Category

Resin Bound

What is the difference between Resin Bound and Resin Bonded?

By | Blog Post, Education, Latest news, Resin Bonded, Resin Bound, Resin Surfacing | No Comments

Confused about the difference between a resin bound driveway and a resin bonded one? You’re not alone, even within the Construction industry there is a lot of confusion about the differences and the two terms are often used interchangeably. It is understandable; the terms are very similar and both are natural stone aggregates encapsulated in a resin and commonly used for driveway surfacing.

But there are some very important differences in their properties that might mean one is more suitable for your project than the other.

Resin Bound Paving is a cold applied surface dressing for driveways that is applied in a 12mm – 24mm layer depending on the expected uses. The stone and resin are both placed in a forced action mixer where the aggregate is thoroughly coated in resin, before being hand troweled into a smooth seamless surface. The finished surface is permeable, frost resistant and durable. If the resin has been laid at a thicker depth, the driveway will be suitable for turning vehicles.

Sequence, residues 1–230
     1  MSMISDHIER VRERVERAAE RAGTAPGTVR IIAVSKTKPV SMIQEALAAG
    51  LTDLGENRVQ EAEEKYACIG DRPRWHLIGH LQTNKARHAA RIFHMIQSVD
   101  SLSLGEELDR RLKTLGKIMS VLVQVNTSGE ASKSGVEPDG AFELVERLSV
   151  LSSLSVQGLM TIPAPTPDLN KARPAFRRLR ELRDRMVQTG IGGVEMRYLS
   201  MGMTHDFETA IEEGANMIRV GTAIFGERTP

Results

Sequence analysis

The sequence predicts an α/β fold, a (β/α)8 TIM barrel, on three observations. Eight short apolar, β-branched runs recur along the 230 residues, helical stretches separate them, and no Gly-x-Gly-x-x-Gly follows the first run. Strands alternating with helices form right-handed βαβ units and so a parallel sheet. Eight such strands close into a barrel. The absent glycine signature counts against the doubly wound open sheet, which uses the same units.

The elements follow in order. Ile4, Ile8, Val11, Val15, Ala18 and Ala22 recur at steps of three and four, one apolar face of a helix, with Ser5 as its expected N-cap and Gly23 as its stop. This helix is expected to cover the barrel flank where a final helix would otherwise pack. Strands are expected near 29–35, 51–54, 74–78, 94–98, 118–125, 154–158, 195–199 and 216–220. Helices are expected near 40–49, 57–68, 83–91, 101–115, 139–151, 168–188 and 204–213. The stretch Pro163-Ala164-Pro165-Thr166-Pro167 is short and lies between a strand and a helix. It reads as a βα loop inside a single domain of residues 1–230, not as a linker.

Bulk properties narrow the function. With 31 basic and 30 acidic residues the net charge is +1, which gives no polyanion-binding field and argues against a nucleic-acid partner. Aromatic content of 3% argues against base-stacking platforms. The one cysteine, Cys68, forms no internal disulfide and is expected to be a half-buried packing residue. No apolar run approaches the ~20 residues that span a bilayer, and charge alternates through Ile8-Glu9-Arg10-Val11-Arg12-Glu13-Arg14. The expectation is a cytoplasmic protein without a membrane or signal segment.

Resin Bonded Surfacing is a scatter system. The resin is squeegeed over a suitable base, and the gravel or aggregate is then hand scattered over the resin before it sets. The finished surface is only 4mm thick and provides the texture and appearance of loose aggregate. It is impermeable and waterproof, with excellent slip and skid resistance. Installation is very fast and easy, with the surface usable in as little as two hours, making it ideal for parks and areas that require minimal down time. However as the surface is only a thin layer of stone sitting on top of the resin, the surface is less durable than resin bound and heavy vehicles turning on a driveway would soon leave bald patches where the stone had been displaced. Bonded surfacing is also susceptible to frost damage.

We put together the infographic below to quickly explain these differences. We hope this helps clear up some of the confusion surrounding these two resin surfaces.